Among the Maasai people of Kenya and Tanzania there is a standard greeting: “How are the children?”
The greeting does not inquire “how are you?” or “how are your children?” Instead, it reflects a deep understanding that a community’s well-being is only as strong as its most vulnerable.
United Way recognizes that until we can answer this greeting with the Maasai response “all of the children are well,” there is much work to be done.
For almost half a million children in Greater Atlanta, all is not well. To determine the factors that drive child well-being, United Way worked with the Atlanta Regional Commission, Neighborhood Nexus and community volunteers to come up with 14 key indicators. Together, these measures comprise the Child Well-Being Index.
The Child Well-Being Index gives community leaders a snapshot of existing conditions and a set of common goals upon which to leverage our collective impact. Policymakers have an especially important role to play in setting the conditions under which communities, children and families can thrive.
The United Way of Greater Atlanta is the first in the nation to align its work around child well-being and to commit to fighting for better measures of it in every zip code. Join us!
What happens to a child from birth until the point that the brain matures, believed to be age 25, can determine how well he or she will fare as an adult. Their experiences during these years may in turn affect how well they may earn a living, parent their own children and steward their communities. In 2019, we urge the Governor and state and local lawmakers to:
Implement strategies to prevent or mitigate the impact upon K-12 students of one or more transfers during a school year and build upon efforts to incorporate wrap-around services that students and their families need to succeed along with access to health care, vision care, dentistry and behavioral health services in or through schools.
Partner with the CDC to collect and report upon adverse childhood experiences and provide trauma support services for children and youth.
Improve outcomes for children and youth in foster care and prevent new placements by providing mental health services, substance abuse treatment and in-home parenting skill training through options conferred by new federal laws like the bipartisan Families First Prevention Services Act.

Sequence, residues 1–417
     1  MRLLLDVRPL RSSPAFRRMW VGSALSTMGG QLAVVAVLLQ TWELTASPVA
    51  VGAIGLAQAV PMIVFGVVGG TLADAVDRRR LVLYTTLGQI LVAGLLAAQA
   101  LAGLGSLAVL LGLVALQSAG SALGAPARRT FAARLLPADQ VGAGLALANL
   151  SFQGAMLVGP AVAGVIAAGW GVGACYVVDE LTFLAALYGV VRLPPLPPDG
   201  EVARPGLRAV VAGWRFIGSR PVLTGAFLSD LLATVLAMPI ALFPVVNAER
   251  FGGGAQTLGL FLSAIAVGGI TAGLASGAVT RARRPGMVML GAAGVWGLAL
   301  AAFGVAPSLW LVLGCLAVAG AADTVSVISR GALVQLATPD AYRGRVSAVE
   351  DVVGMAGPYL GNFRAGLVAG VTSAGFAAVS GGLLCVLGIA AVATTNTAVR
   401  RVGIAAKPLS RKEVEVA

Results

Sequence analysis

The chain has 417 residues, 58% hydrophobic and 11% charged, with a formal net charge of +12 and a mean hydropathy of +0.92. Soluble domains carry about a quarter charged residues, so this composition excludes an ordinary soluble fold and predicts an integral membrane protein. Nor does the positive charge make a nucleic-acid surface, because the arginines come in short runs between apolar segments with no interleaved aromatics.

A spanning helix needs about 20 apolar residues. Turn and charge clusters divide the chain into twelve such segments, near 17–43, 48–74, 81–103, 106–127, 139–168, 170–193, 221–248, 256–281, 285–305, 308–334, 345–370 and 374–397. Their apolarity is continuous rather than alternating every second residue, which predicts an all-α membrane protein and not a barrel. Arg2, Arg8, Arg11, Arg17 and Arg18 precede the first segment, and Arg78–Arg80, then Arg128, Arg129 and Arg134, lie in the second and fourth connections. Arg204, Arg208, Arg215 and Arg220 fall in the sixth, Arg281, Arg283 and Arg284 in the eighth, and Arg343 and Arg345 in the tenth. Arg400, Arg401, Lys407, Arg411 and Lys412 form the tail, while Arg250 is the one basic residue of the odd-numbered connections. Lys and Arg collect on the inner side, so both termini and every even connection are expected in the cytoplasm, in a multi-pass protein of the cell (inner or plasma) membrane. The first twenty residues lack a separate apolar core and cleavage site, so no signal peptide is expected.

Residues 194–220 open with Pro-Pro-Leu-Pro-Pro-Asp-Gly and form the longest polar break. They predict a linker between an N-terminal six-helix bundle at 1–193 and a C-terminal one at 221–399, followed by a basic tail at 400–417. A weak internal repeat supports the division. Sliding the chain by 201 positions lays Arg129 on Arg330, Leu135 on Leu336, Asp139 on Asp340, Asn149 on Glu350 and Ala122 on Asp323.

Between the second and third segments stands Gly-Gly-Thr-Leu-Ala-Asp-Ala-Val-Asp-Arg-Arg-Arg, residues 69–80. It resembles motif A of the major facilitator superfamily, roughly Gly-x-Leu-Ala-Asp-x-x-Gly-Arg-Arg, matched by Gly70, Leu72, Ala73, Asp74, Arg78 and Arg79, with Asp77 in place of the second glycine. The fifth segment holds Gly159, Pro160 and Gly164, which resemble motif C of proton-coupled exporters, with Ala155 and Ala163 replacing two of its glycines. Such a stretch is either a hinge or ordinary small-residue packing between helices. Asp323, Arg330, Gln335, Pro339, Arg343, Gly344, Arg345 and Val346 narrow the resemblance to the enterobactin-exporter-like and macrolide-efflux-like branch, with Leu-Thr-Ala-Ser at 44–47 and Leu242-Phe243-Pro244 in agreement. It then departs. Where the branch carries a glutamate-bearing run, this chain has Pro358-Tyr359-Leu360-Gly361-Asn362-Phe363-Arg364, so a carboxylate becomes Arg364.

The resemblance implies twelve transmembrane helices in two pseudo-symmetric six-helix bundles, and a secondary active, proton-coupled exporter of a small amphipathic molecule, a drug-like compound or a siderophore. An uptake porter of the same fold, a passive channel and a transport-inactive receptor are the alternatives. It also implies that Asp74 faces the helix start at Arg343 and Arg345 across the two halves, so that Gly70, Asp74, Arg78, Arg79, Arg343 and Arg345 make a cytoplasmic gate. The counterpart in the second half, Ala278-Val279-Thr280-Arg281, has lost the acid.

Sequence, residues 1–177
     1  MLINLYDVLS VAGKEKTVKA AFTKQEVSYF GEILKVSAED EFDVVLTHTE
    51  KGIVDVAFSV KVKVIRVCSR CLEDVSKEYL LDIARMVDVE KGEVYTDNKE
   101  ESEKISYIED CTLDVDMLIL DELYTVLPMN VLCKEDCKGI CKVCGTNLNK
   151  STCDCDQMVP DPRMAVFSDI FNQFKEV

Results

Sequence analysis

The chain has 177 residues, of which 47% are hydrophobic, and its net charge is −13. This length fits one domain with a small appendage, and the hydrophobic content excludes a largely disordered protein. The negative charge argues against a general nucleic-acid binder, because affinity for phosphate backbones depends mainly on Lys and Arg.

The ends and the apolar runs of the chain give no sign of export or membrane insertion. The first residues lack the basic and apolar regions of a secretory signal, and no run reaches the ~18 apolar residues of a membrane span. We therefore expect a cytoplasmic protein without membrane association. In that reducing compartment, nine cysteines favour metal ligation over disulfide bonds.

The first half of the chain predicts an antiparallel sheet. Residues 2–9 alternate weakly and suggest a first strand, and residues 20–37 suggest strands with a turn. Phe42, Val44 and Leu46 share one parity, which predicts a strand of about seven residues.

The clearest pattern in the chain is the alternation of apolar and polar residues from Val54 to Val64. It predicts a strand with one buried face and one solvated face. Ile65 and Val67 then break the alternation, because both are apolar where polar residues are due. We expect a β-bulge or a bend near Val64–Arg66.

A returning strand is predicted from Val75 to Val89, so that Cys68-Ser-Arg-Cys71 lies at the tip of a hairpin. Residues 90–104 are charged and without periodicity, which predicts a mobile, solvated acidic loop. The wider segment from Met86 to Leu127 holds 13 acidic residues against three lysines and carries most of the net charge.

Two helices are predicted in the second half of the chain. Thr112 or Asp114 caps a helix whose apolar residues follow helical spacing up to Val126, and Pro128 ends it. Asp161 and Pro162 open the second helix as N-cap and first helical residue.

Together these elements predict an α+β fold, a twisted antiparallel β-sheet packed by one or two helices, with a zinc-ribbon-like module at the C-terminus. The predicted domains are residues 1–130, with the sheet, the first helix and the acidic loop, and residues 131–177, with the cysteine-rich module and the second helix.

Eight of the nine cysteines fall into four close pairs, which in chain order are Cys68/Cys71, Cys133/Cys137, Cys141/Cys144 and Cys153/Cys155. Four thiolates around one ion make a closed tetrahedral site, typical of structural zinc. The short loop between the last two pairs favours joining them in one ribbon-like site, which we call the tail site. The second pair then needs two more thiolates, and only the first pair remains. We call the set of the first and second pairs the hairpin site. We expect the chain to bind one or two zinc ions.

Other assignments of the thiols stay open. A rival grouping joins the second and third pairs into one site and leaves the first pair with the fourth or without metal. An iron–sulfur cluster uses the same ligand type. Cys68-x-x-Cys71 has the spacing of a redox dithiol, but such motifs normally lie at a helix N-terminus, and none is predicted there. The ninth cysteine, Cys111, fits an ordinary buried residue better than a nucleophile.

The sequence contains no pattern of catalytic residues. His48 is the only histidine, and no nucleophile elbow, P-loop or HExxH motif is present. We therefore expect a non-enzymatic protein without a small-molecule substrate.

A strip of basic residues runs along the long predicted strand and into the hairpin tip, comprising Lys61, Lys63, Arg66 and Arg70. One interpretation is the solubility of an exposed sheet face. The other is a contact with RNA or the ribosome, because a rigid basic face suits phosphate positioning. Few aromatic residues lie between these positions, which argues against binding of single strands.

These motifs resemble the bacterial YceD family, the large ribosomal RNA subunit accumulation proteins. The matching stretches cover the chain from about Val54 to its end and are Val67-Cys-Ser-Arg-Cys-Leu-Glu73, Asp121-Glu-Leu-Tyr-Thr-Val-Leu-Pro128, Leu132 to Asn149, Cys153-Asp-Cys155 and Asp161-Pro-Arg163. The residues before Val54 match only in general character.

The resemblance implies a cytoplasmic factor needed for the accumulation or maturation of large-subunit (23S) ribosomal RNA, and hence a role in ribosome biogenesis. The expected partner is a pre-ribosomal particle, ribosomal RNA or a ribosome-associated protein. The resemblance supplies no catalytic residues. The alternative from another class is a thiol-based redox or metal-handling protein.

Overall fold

Improve the odds of student achievement by expanding lottery funded Pre-K slots, reducing class size and investing in a quality workforce.
Build upon the success of HOPE Scholarships and Grants and create a need-based scholarship for Georgians seeking a post-secondary credential in the university system.
Parents and other caregivers need support to achieve family resilience and to help their children thrive. In 2019, we urge the Governor and state and local lawmakers to:
Create opportunities for innovative solutions to increase coverage and access to quality healthcare services for the uninsured through greater state flexibility in the Medicaid program.
Incentivize work by implementing a refundable earned income tax credit for Georgians employed in low-wage jobs.
Appropriate state funding to make child care subsidies available for at least another 2,500 children of working parents and prioritize reimbursement rate increases for quality-rated providers serving infants and toddlers.
Expand mechanisms for the restriction and sealing of conviction information from criminal histories for misdemeanors and certain felonies which no longer pose a threat to public safety, including for adult victims of sex trafficking.
Ensure that properties put into use as rental units are safe and sanitary through regulation. Amend Georgia Landlord-and-Tenant laws to incorporate a grace period before eviction for nonpayment of rent.
Living conditions in neighborhoods and communities have a profound effect upon the ability of children and families to thrive. In 2019, we urge the Governor and state and local lawmakers to:
Appoint a Blue-Ribbon Commission to identify options at the state and local levels to spur safe and affordable housing that offers access to jobs, education and opportunities for civic engagement. Per 100 renter households with income up to 30 percent of the Area Median (about $20,000) there are just 38 available units in Georgia.
Continue the Council on Criminal Justice Reform to promote Georgia’s work towards helping people who do not pose a public safety risk to avoid incarceration and equipping those re-entering the community to succeed and avoid recidivism.
Develop substance abuse recovery facilities and resources throughout Georgia by leveraging options conferred through new federal laws such as the bipartisan SUPPORT for Patients and Communities Act.
Prioritize Community-Oriented Policing in state policy to foster collaborative and trusting relationships between local law enforcement and the communities they protect, especially in neighborhoods that are most vulnerable.
Help Georgians stay safe by authorizing courts to grant protective orders for a party to a dating relationship when she or he fears for his life.
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